Sargeant is also using the event as an opportunity to raise money for the family of late Angie Fitzgerald, a Kamas mother of two who died in a car collision in July. Volunteers by the dozens are bringing in home-made treats for a sidewalk bake sale, with proceeds benefiting Fitzgerald's loved ones.
All West Communications, Ames & Ames Attorneys, and High Star Ranch are the major sponsors of the stage 5 finish party, and Mark J. Fischer, manager of High Star Ranch, said he has heard estimates of as many as 5,000 spectators coming to Kamas for the finish. For a town of less than 2,000 people, that is a stampede. "The whole town is rallying behind the event," he said.
ron Ames, of Ames & Ames, said the company decided to sponsor the stage because he is "a huge cycling fan, and what a chance to see it go by my office." His office is located on Main Street, and the finish line is about half a block away, which means that he hasn't scheduled any appointments for that day and that the office will throw what he called a "micro-party."
Ames said the infusion of spectators and race participants from the Tour into Kamas will lift all boats in the town. "How often do we have 5,000 people come to Kamas at one time?"
Dave Ure, the only member of the Summit County Council from the East Side of the county, said the Tour of Utah "is very good for Kamas I think it will pay dividends in the future."
Logistics: Road Closures and Celebration
Spectators who just want to see riders should expect the race to go through town at 2:30 p.m. and then again at about 3:30 p.m., with the latter the finish line. Parking will be available at 400 South Main Street.
The Tour of Utah riders and many support vehicles will be protected by a Utah Highway Patrol rolling closure. Drivers in the areas of Marion, Oakley, and Peoa are being told to anticipate delays from 2:30 p.m. to about 3:30 p.m. There will also be delays on State Route 150, the Mirror Lake Highway, between about 11:30 a.m. and 2:30 p.m. Residents are reminded to keep their pets leashed and off the roads.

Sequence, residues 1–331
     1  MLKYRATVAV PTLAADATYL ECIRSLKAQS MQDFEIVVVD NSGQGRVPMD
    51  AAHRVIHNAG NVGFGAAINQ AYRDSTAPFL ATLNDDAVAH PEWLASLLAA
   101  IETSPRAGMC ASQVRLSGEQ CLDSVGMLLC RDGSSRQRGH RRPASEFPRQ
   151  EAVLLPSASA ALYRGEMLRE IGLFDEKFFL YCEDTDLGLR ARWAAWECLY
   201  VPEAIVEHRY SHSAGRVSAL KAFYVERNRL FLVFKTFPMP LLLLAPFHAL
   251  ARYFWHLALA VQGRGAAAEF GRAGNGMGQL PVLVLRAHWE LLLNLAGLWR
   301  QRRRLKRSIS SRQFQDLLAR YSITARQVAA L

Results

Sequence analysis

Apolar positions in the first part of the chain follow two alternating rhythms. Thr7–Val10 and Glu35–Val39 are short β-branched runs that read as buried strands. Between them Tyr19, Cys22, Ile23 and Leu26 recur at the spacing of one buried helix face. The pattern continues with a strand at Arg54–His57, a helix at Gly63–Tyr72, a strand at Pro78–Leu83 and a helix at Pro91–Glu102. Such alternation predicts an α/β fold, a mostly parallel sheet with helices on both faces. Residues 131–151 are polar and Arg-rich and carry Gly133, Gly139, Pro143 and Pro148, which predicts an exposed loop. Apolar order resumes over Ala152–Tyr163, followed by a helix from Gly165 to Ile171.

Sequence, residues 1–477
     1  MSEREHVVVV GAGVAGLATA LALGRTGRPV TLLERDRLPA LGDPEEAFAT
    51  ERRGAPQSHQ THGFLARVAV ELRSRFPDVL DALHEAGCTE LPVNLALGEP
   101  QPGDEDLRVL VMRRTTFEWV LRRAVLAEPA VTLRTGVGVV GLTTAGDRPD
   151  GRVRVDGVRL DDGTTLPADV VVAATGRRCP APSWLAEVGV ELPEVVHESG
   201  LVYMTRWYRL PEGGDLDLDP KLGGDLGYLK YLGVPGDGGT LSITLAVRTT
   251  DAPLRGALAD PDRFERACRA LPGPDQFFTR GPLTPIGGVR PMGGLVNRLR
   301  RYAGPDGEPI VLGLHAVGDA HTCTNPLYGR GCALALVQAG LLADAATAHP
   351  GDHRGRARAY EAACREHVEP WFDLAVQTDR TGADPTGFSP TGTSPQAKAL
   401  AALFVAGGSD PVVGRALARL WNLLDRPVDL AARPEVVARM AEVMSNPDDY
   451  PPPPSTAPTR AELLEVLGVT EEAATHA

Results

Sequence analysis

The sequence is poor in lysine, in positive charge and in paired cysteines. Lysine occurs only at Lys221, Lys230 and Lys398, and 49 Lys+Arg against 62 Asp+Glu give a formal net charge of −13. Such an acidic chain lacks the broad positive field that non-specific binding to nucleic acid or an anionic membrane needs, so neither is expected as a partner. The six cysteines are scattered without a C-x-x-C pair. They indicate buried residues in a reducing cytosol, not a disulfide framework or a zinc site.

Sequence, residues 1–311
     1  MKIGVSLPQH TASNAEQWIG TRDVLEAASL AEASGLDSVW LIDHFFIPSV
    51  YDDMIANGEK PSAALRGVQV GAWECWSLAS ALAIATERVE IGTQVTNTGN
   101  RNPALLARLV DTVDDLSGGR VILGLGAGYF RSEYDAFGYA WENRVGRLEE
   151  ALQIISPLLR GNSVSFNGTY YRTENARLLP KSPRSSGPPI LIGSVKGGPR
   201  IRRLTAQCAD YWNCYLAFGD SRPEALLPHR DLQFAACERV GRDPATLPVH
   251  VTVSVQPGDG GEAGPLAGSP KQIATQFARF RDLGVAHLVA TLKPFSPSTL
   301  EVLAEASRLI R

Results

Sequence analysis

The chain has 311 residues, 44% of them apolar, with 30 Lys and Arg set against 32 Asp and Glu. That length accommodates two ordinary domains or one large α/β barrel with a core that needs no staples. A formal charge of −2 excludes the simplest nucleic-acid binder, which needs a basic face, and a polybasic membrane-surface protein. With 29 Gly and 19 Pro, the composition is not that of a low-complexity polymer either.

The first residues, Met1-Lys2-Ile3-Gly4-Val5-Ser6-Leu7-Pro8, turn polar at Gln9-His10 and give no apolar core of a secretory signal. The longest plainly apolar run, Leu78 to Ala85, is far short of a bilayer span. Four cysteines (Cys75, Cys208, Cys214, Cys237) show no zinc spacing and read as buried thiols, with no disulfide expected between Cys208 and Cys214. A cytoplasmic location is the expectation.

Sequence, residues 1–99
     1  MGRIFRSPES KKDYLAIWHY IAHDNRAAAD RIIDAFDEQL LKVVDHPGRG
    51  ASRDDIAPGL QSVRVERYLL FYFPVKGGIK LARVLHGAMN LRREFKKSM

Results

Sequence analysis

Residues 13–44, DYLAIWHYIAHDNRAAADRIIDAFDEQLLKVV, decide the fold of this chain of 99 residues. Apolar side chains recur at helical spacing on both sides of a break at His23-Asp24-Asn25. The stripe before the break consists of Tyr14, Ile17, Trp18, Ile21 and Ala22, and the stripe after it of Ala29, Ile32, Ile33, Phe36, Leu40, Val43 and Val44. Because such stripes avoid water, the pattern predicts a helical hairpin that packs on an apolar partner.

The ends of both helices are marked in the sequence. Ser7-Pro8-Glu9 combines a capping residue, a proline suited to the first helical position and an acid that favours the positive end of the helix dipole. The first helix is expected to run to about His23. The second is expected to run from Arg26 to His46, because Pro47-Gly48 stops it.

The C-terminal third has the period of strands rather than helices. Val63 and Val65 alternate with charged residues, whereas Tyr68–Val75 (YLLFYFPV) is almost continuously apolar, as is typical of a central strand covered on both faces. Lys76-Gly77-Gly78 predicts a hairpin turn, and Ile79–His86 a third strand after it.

The party and expo at the finish line commences at noon with live music from Pete Rude & Friends until 2 p.m. A kids' bike race will be held at 1 p.m., and a BMX exhibition will be held at 1:15 p.m. There will be a beer garden and food vendors, as well as other kid-friendly activities such as face painting, a petting zoo, pony rides, and bounce houses.
Stage 5 is notable for several reasons, according to the Tour website, including having a Summit County town besides Park City host a finish line. For the first time in race history, the Tour of Utah will extend beyond the state borders by commencing the stage in Evanston, Wyoming. The 101.4-mile stage will also ascend to the Bald Mountain Pass. At 10,759 feet above sea level, it is the highest point the Tour of Utah has ever reached. The race will travel south on the Mirror Lake Highway, and will go through Kamas twice with a circuit through Oakley and Peoa that includes a two-mile stretch on dirt road less than 10 miles from the final sprint in Kamas, the website says.